NDSU is 16th narrationally in rushing defense, allowing 115 yards per game, and is No. 1 in points allowed (13.7 per game), but is 59th in pass defense (207 yards) and 25th in total defense (323 yards). The Bison are also 10th in turnover margin (1.15 more per game).
On offense, North Dakota State ranks 40th in rushing (167 yards), 77th in passing (179 yards), 68th in total yardage (346) and 27th in scoring (32.2 per game).
Besides great defense and an offense that has beaten up opponents physically with the run, the Bison have also benefited from having their postseason games at home.
“Our crowd has had an impact, a significant impact,” said Bohl. “I once made a comment that the Fargodome was like going into a conservative Lutheran church. It has changed.”
North Dakota State is now known for having one of the more significant homefield advantages in FCS, due in a large part to the noise.
“The noise factor has certainly been disruptive,” said Bohl.
Georgia Southern hasn’t played in an indoor stadium since East Tennessee State disbanded its program and dropped out of the Southern Conference following the 2003 football season.
Monken’s last trip to ETSU’s Mini Dome as a GSU assistant in the Paul Johnson era was a 19-16 loss, though the Eagles won 34-22 in Johnson City, TN. in 2003 under Mike Sewak.
Some of the Eagles proudest moments have come during the playoffs in domed stadiums during the Erk Russell era, including the 1985 NCAA semifinal (40-33 over UNI) and final (44-42 in Tacoma WA. against Furman), and the 1986 NCAA title game (48-21 over Arkansas State in Tacoma).
“From what I understand from everyone I’ve talked to, who has played there, this place is super loud,” said Monken.
Ironically, GSU was scheduled to play North Dakota State in Fargo during the regular season.
But the Eagles bought out that return trip of a home-and-home contract for a reported $60,000, so Georgia Southern could play six home games and also travel to Alabama for its yearly FBS money game.
“We would have liked to have played them,” said Monken. “They are physical, they are tough and they run the football so well behind that big line.”
Now the Eagles will get that chance.
“As football coaches, we’re soldiers,” said Bohl, trying to downplay the cancellation. “We play who is on our schedule. We were certainly disappointed at that time, but we have an opportunity to play them now.”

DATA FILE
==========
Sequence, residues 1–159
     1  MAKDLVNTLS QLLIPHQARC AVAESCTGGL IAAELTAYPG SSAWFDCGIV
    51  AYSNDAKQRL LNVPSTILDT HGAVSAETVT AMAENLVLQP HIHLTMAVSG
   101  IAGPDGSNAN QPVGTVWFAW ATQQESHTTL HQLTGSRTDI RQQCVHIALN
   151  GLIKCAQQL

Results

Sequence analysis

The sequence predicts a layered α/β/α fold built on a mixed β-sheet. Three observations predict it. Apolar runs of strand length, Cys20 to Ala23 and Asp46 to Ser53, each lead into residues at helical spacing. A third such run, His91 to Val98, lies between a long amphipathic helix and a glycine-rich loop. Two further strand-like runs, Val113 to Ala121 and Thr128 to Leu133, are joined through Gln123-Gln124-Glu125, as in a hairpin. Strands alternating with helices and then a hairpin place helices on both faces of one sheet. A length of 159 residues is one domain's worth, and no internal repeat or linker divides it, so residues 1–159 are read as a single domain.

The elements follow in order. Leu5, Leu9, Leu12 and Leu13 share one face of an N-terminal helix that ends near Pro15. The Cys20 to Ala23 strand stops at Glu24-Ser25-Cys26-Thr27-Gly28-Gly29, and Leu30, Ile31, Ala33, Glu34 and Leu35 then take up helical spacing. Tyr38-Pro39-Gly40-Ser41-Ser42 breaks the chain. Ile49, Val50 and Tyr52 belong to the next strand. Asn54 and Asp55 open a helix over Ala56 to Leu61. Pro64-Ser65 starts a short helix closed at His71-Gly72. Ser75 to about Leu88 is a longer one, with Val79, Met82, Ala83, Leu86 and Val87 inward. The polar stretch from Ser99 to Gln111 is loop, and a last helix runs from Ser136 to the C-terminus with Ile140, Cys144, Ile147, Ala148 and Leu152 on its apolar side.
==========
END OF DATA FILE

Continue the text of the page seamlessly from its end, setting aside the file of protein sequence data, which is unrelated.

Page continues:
Monken and his staff are concerned with the 12 penalties for 93 yards the Eagles had last week against Maine, six of those flags coming on false starts.
“The one thing we can do to keep it quiet is don’t let them make any big plays,” Monken said. “But they are a very good team, so chance are they are going to make some plays and it’s going to get loud.”
Georgia Southern can also take crowds out games with those long, methodical drives from the triple-option attack.
The Eagles have become more efficient on offense since a 24-17 loss to Appalachian State and a close 14-12 call against The Citadel in the middle of the season.
The only other loss for Georgia Southern was a 45-21 defeat at the hands of Alabama — the team that will play LSU for the BCS championship — in the regular-season finale.
The Eagles scorched Alabama’s highly-touted defense for 302 yards rushing, 341 yards of total offense and 531 all-purpose yards. Besides the yardage totals that were all season-highs against the Crimson Tide, the point total was seven more than Alabama had given up to any other team in the FBS.
“I saw the University of Alabama and Nick Saban — supposedly the next guru of college football defense — give up over 300 yards to those guys,” Bohl said. “And Saban looked haggard in the press conference that followed. He said ‘I’m glad it’s over.'”
GSU installed freshman fullback Dominique Swope (927 yards rushing, six TDs) into the starting lineup in place of Robert Brown (946 yards, five TDs) to give the inside game more explosiveness.
Brown has moved to one of the wing, or A-back positions.
Speedy senior J.J. Wilcox (470 yards, seven TDs) returned from injury to the wing and piled up a game-high 99 yards on just eight carries, with two TDs, to put some life back into the option pitch against Maine.
Georgia Southern ranks second nationally in rushing (334 yards), fourth in scoring (37.3 points per game) and eight in total offense (443 yards).
Though the Eagles are 118th in passing (109 yards), they are No. 1 in passing efficiency.
The Eagles toppled the Black Bears 35-23 at home on Saturday in the quarterfinals, after holding off Old Dominion in a 55-48 shootout in the second round.
After a poor defensive performance against ODU, in which the Eagles allowed 560 yards, the unit showed much improvement against Maine, limiting the explosive Black Bears to 295 yards.
“We heated up the quarterback (Maine’s Warren Smith),” said Monken. “That’s something we weren’t able to do (against Old Dominion).”
Brent Russell (6 1/2 sacks, 14 1/2 tackles for loss) is one of the top defensive tackles in FCS and has teamed with John Douglas and Michael Butler to give the Eagles a solid defensive front.
Cornerback Laron Scott can hurt teams in the secondary, or as a returnman, with his running ability.
Scott is a big reason that Georgia Southern is fourth in the country in kickoff returns (25.4 yards per return). He ranks second individually with an average of 32.0 yards per return and has two touchdowns.
The Eagles are 34th overall in rushing defense (137 yards), 40th in total defense (349 yards) and 32nd in scoring defense (22.7 points per game), but they are 73rd in pass defense (212 yards).
But the move of Jerick McKinnon from offense to defense made a big difference in the pass defense last week.
The athletic sophomore had 701 total yards as a rusher, receiver and passer on offense and was responsible for nine touchdowns, but in his second game as a defensive back, McKinnon had two interceptions and two quarterback hurries on back-to-back safety blitzes to kill another Maine drive.
Bohl said Georgia Southern “is a really good football team. We think we’re a really good football team, so it should be a great college football game.”